To the casual observer, don't let the final score fool you. Keith Nichol and Keshawn Martin both produced the best they could in the 4th quarter to make the final score closer than it would appear. If you watched this whole game though, you know the truth; that the offensive and defensive lines of Michigan State could not execute adequately. Read more about today's loss (guest editorial from Charlie Brown - AGGGHHHHHHH!!!) after the jump.
Where to start? The lines would be a good place. On offense, here were the seven starters listed : Rocco Cironi, Ethan Ruhland, Joel Foreman, John Stipek, Joel Nitchman, Brendon Moss, and D.J. Young. Of those seven, two have had injury issues in the past month (Cironi and Nitchman), one's a redshirt freshman (Ruhland), one's a converted defensive lineman (Stipek), one more is a new transfer (Young), and one was beginning to see his first significant starts (Moss). Of all those seven, the only one I completely trust right now is Foreman, and I think you can see where I'm going with this line of thought.
Cousins and Nichol were consistently pressured in the pocket, making Cousins look like the first-year starter that he is and influencing Nichol into throwing a horrendous interception in the first half. The running game was actually decent, as Glenn Winston and Larry Caper combined to rush for over 5 yards a carry (Caulton Ray, not so good - three rushes for zero yards). I think we'll see Winston as at least the back-up running back, if not the starter against Michigan, as he clearly showed the most burst today.
Regardless, the pass blocking that had been so good the past three games was mediocre today, as Cousins was continually pressed into throwing earlier than he wanted, leading to passes over his receivers' heads. Cousins looked human, but it's his fourth game starting - he's going to have a bad game sometime, and today was his day to have one.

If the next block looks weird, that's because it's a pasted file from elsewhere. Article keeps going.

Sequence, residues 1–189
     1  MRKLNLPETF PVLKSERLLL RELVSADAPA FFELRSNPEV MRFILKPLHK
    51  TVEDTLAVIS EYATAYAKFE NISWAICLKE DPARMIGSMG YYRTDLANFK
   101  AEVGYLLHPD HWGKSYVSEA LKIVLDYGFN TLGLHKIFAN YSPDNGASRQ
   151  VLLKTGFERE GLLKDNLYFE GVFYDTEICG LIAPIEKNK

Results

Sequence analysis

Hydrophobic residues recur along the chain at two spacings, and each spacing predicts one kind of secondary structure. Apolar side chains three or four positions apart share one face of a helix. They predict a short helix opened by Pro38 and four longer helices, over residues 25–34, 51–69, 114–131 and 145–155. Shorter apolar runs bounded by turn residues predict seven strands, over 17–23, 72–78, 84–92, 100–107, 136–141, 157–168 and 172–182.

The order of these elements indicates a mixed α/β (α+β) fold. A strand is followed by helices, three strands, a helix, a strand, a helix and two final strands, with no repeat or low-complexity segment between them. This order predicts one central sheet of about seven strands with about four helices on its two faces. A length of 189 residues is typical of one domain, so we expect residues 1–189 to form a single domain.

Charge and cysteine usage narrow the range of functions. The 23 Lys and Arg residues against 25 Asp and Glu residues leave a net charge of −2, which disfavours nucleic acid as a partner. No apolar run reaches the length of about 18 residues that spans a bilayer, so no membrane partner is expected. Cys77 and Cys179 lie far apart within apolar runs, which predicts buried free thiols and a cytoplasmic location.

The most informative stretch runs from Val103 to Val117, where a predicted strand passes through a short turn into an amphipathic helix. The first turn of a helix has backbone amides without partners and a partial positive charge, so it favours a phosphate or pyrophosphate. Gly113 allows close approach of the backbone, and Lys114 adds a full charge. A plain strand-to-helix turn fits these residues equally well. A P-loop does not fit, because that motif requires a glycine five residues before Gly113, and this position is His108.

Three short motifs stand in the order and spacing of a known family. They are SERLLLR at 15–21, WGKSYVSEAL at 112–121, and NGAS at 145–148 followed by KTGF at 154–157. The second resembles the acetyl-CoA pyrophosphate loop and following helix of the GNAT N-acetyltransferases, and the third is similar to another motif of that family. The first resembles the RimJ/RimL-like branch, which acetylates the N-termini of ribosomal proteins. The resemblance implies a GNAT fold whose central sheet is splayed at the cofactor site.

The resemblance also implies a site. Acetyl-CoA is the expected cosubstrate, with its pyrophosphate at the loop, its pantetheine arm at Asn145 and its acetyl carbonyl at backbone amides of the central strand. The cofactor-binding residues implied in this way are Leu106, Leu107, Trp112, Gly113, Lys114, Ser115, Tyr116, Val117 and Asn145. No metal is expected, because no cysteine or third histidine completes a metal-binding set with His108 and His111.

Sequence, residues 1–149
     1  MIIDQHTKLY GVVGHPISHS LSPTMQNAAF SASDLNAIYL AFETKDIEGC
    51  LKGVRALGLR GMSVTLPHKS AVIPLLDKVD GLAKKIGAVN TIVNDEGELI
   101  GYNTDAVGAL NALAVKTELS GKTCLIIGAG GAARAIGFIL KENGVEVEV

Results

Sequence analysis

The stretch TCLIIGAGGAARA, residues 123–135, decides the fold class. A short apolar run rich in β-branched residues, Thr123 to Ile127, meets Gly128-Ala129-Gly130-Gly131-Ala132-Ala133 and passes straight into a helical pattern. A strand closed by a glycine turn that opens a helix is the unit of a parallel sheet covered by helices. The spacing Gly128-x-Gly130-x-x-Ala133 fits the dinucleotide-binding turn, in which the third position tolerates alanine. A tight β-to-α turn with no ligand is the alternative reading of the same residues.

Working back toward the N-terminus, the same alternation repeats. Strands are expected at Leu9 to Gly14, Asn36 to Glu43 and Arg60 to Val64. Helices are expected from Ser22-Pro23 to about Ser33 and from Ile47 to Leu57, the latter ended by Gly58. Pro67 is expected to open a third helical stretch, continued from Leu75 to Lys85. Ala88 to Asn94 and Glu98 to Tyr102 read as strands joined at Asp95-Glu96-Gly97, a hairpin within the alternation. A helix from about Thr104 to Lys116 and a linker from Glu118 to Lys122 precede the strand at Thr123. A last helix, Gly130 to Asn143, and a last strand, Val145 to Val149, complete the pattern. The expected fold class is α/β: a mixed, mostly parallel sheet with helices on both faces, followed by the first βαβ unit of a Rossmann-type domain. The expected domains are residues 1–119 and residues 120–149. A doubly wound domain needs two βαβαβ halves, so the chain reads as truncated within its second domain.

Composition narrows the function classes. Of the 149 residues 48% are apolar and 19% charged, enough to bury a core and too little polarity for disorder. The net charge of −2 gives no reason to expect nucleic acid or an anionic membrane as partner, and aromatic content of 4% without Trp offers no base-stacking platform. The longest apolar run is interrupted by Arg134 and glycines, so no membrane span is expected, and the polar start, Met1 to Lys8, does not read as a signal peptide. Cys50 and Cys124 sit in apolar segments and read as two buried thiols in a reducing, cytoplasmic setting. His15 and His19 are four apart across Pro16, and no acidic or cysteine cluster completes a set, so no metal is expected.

As for the defensive line, I suppose more MSU fans are going to call for defensive coordinator Pat Narduzzi's head, but that won't change the fact that the defensive line could not consistently pass rush the quarterback without the help of a blitz. If you're wondering why Narduzzi calls blitzes on third down, it's because he has to - the front four can't provide the needed pressure otherwise. Even when the blitz worked, Scott Tolczien was often able to find the open man; look to the second touchdown if you need more proof.
This is not to say the secondary is inculpable. There were numerous times today were pass plays could have been prevented if the coverage was adequate. What I am suggesting is that the secondary is currently out on an island, and would look much better if it was being supported by an efficient pass rush.
If you're looking for positives to take out of this game, there are two that I can see: That Glenn Winston might establish himself as the starting running back, and that Keshawn Martin, albeit late in the game, can be a deep receiving threat.
Alright, I'm done venting. I'm going out to have some fun tonight in East Lansing, and wherever you are, I suggest you do the same. Life's short, and it's dumb to feel sad for too long about the result of a game. At the very least, that's what I'll keep telling myself.